But wait. Did I say final? Well I did so in my enthusiasm, am afraid. For JJ had more aces up her sleeve. In a first in the legal history of the country, an accused files a petition before the Supreme Court seeking the appointment of a judge and a prosecutor of her choice. Their Lordships too give a patient hearing and order appointment of Bhavani Singh as the prosecutor.
Bhavani Singh was not in the panel of advocates sent by the Bengaluru HC to be appointed as prosecutor. But it seemed a matter of minor detail for the judges who granted the relief sought by the appellant, Chief Minister Jayalalitha Jayaram.
Subsequently Bhavani Singh, “a brilliant legal brain in the country” – in the words of the SC, that is – sought adjournments at the drop of a hat, prolonging the trial. When the shrewd Special Court Judge Michael D. Cunha seemed to be losing his patience with the prosecutor’s dilatory tactics, Bhavani Singh feigned illness and submitted necessary medical certificate too. But the judge was not impressed, and he ordered Bhavani Singh to commence arguments without any further dilly-dallying. But an adamant Singh, continued to remain absent from the Court, which prompted stern action by the Court. The Special Judge fined Bhavani Singh – his fees for two days.
As if he was waiting exactly for such a turn of events, Bhavani Singh promptly moved the Karnataka HC against the Special Judge’s order and sought a stay of the trial. But Justice Sathyanarana snubbed him resoundingly.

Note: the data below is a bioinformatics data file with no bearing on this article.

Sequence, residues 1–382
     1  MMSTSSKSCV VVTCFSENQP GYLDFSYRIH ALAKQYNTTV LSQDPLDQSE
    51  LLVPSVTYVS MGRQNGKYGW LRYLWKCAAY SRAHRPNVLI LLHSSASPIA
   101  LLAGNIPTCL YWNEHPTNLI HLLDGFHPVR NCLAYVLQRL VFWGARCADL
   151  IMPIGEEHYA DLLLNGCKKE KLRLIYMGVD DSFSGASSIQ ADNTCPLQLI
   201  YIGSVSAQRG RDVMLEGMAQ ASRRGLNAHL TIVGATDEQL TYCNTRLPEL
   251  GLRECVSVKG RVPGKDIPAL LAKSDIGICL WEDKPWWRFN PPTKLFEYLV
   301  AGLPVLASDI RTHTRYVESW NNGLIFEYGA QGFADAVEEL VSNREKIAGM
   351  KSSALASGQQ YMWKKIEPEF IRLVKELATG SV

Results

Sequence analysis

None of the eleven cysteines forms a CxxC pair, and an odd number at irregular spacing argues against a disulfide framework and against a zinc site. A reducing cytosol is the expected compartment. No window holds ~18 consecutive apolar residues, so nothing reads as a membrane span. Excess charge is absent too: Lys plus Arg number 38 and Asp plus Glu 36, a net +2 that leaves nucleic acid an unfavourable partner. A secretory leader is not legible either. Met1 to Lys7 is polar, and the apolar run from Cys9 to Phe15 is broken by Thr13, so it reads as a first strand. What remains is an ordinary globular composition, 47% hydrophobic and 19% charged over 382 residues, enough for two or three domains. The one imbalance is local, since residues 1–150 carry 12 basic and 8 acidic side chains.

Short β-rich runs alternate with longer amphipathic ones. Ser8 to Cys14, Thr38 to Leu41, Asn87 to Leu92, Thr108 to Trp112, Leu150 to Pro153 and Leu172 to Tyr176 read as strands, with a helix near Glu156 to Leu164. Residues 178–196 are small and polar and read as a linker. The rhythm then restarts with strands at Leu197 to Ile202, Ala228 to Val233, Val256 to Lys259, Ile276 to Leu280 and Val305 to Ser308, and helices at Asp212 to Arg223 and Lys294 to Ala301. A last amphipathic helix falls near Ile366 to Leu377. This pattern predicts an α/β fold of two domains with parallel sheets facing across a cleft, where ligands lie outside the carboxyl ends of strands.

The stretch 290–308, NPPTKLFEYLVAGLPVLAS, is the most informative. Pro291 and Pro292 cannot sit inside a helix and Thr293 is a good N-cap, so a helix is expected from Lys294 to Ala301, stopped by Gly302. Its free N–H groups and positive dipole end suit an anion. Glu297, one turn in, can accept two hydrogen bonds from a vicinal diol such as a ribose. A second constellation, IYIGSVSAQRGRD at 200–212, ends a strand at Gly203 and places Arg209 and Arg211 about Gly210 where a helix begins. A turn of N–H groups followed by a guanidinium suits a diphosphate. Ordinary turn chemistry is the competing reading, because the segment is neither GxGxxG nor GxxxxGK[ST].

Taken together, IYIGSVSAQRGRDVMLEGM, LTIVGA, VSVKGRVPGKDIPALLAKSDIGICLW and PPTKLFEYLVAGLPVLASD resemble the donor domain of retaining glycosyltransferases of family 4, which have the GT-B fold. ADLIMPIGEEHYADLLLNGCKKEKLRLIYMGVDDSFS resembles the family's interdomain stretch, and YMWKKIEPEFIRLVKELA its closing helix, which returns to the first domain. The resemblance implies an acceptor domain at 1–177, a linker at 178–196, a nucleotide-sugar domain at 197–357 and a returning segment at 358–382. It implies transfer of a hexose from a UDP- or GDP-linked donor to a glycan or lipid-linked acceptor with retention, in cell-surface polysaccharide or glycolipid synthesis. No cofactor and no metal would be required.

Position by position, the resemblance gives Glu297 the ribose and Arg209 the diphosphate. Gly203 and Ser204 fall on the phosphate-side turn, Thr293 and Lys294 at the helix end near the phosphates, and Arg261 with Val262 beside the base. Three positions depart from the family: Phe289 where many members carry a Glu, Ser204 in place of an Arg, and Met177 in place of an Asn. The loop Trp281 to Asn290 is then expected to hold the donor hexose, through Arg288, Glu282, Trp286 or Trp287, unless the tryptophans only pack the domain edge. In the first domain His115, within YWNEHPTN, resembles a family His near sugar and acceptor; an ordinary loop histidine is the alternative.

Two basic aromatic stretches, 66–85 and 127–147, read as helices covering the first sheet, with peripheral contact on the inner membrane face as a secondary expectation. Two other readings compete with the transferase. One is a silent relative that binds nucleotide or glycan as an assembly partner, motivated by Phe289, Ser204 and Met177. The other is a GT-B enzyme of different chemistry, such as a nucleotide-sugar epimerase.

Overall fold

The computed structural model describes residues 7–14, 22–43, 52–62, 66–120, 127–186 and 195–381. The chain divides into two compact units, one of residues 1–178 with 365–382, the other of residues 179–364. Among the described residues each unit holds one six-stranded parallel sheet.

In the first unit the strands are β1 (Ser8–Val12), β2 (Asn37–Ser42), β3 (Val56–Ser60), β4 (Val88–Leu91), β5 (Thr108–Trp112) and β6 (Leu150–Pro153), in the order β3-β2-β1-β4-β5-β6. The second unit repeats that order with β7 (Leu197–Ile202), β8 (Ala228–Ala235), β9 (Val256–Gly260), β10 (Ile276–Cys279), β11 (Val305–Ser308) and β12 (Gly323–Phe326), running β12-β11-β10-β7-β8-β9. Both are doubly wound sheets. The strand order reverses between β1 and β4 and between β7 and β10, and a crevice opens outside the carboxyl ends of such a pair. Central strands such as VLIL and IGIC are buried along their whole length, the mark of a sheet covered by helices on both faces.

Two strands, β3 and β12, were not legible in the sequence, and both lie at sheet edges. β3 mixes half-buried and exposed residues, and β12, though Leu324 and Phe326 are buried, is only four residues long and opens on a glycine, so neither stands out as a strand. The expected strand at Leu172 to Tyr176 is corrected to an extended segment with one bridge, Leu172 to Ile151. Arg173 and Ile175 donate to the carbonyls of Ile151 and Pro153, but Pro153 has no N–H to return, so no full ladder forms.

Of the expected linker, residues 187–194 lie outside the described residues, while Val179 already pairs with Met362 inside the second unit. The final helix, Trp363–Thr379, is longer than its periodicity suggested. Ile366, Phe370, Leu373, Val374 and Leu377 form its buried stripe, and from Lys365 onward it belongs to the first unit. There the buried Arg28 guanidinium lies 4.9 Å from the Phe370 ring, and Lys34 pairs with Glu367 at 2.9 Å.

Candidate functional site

In a sternly worded order, the Karnataka HC dismissed the petition. The judge observed “It is seen that the Special Public Prosecutor appointed in the said case in spite of several rescheduling of dates fixing to accommodate him to recommence the arguments, on one or the other pretext, has taken time by producing medical certificates. When the Court directed him to furnish the name of the doctor who issued the certificate, the same has not been given. In effect, it is seen that every possible attempt is being made by the Special Public Prosecutor to prolong the matter for reasons best known to him.”
The Judge went on to add, “On going through the entire order sheet, which is produced by the counsel for petitioner herein, it clearly indicates that the Special Public Prosecutor, who is specifically appointed to see that the matter is expedited and reaches conclusion at the earliest, does not seem to have any inclination to co-operate with the Court in as much as he is trying to confront the Court at every stage for commencing arguments and the matter is pending for more than seventeen years. In. that view of the matter, the Court below has taken extreme step of coercing the Special Public Prosecutor to commence the arguments. At this juncture, if this Court interferes either in staying the order or modify the order, it will demoralise the Special Court and its Judge, who is making all efforts to see that the matter is disposed of at the earliest on a time-bound basis. When the entire order sheet which is produced before the Court is perused, it is seen that there is an attempt on one side by the accused, continuously keeping away from the Court by filing exemption petition from appearance, and by the prosecution on the other hand seeking time for restarting the arguments; subjecting the Court under severe stress.”